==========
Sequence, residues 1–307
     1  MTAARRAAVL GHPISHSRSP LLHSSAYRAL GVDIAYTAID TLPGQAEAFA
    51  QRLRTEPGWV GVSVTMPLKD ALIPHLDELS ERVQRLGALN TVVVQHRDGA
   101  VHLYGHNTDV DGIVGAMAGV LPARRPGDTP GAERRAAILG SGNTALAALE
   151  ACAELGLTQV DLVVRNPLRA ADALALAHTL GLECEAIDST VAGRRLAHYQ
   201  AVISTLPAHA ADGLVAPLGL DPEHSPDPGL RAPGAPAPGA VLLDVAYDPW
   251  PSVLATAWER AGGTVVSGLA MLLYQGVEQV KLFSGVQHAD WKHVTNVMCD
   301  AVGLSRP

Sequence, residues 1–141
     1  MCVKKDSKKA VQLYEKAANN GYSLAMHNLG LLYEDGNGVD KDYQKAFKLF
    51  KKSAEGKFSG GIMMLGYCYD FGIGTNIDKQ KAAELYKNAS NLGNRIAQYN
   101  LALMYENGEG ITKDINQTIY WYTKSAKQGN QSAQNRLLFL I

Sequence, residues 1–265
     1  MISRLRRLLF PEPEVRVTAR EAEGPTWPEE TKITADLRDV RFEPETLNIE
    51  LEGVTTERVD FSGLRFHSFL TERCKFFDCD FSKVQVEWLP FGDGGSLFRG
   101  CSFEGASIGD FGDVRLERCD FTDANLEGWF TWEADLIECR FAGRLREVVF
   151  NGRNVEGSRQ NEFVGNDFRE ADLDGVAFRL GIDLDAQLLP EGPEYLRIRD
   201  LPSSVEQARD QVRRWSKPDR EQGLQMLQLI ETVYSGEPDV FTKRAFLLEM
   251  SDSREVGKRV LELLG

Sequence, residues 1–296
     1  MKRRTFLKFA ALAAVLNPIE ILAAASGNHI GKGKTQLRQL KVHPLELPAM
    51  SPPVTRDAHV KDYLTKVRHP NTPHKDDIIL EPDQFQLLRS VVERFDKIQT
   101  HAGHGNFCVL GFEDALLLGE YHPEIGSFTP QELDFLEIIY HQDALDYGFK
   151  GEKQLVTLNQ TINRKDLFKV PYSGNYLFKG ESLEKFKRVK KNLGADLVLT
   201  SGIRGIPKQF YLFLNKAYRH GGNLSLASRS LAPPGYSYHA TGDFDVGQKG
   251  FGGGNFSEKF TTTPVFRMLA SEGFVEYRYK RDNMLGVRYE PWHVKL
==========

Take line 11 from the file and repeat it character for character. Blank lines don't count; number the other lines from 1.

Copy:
    51  KKSAEGKFSG GIMMLGYCYD FGIGTNIDKQ KAAELYKNAS NLGNRIAQYN